Why should we listen to children's voices?
The United Nations Convention on the Rights of the Child (1989) was ratified (became law) in Australia in 1990. Article 12 of the convention states:
'States Parties shall assure to the child who is capable of forming his or her own views the right to express those views freely in all matters affecting the child, the views of the child being given due weight in accordance with the age and maturity of the child' (UNICEF, 2015).
That means that parents, educators and family workers need to listen to children's opinions about matters that affect them and take them into account when making decisions. This does not mean that the child's wishes will be granted; it just means that the child's opinions will be both heard and valued. When we hear children's voices, they develop confidence and agency. Very young children may not be able to express their wishes verbally, so we can use other methods to gather their voices, for example, through the arts.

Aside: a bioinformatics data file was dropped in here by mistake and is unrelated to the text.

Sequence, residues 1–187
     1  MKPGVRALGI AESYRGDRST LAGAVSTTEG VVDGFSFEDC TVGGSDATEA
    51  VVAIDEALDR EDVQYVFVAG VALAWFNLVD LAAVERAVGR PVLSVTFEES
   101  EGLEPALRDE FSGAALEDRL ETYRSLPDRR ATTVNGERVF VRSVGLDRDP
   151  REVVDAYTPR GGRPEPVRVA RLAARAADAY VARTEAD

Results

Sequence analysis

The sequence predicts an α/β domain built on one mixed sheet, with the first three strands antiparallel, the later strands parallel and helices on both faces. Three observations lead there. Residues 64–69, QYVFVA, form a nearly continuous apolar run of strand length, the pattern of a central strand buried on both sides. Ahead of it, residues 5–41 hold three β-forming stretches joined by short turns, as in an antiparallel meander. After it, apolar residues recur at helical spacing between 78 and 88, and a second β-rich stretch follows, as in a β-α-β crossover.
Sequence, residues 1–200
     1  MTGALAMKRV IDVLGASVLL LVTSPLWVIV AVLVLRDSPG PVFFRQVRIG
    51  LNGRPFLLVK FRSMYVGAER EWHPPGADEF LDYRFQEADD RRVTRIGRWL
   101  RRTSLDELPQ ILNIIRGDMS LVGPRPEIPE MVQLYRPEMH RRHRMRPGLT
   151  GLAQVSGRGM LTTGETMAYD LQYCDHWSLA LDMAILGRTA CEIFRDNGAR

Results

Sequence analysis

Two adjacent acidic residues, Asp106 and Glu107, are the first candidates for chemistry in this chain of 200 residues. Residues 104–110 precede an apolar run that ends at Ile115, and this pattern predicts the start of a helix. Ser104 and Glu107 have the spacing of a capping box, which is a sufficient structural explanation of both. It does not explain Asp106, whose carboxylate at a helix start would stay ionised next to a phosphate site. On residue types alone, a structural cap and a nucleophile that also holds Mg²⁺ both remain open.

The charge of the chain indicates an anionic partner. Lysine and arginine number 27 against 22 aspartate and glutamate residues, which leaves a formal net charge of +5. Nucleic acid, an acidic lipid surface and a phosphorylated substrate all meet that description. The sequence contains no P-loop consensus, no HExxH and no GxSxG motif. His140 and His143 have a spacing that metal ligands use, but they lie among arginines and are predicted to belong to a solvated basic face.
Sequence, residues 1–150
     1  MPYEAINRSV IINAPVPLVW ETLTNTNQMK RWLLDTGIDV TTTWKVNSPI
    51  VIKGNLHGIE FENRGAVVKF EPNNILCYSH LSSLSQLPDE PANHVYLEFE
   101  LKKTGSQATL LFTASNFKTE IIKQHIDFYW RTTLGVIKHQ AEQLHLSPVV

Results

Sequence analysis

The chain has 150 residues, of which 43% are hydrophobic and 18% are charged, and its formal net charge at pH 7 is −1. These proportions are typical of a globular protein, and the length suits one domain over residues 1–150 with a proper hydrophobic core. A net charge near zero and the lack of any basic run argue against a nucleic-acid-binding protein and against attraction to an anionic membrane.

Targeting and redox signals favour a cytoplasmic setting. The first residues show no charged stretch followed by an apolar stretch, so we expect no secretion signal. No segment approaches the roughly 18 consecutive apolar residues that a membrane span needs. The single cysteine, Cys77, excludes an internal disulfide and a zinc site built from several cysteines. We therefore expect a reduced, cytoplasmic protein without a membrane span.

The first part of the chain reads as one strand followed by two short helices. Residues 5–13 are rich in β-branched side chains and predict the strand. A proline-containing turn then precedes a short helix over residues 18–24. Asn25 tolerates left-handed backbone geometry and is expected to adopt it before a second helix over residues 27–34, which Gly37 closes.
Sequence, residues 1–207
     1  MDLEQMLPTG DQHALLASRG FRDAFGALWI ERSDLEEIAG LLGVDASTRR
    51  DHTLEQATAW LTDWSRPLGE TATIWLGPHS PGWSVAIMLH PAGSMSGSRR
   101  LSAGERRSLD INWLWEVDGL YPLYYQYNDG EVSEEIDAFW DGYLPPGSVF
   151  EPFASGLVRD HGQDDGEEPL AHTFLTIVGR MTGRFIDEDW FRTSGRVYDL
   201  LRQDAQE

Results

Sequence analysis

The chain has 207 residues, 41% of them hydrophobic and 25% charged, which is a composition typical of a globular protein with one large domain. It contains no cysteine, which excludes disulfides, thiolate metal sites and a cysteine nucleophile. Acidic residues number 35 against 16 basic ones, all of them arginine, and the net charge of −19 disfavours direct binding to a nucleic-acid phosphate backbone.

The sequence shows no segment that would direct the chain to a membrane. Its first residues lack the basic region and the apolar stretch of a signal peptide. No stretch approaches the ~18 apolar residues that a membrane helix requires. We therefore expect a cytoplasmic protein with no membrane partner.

Sims' Statement of Rights
Sims (2011) reframed Maslow's (1942) Hierarchy of Needs to a Statement of Rights for children. In Level 4 of the diagram, children have a right to feel valued, worthy, and status. This means they should be heard. It doesn't mean they are the boss or have all of their wishes granted. It simply means their experiences and opinions on matters that affect them should be taken into account.
Sims (2011) Statement of Rights (used with permission)
It is important to remember Arundhati Roy's words “There's really no such thing as the 'voiceless'. There are only the deliberately silenced or the preferably unheard.”
What about children from service families?
Research has found that Australian Defence children were empowered when they could talk about their experiences of living in a military family. They enjoyed talking about their family relocations, what happened in their family when their parents worked away, how they felt when their parents went away, and what they understood about deployment. The children really enjoyed seeing other children from military families featured in storybooks and were keen to read the stories over and over again at the early childhood service and home.
Both parents and educators found that these activities helped children put into words what was happening and what was upsetting them, and they were able to attribute their emotional feelings to missing their parents.
Asking children from Defence, Veteran, First Responder and Remote Working families is important for those who work with them.
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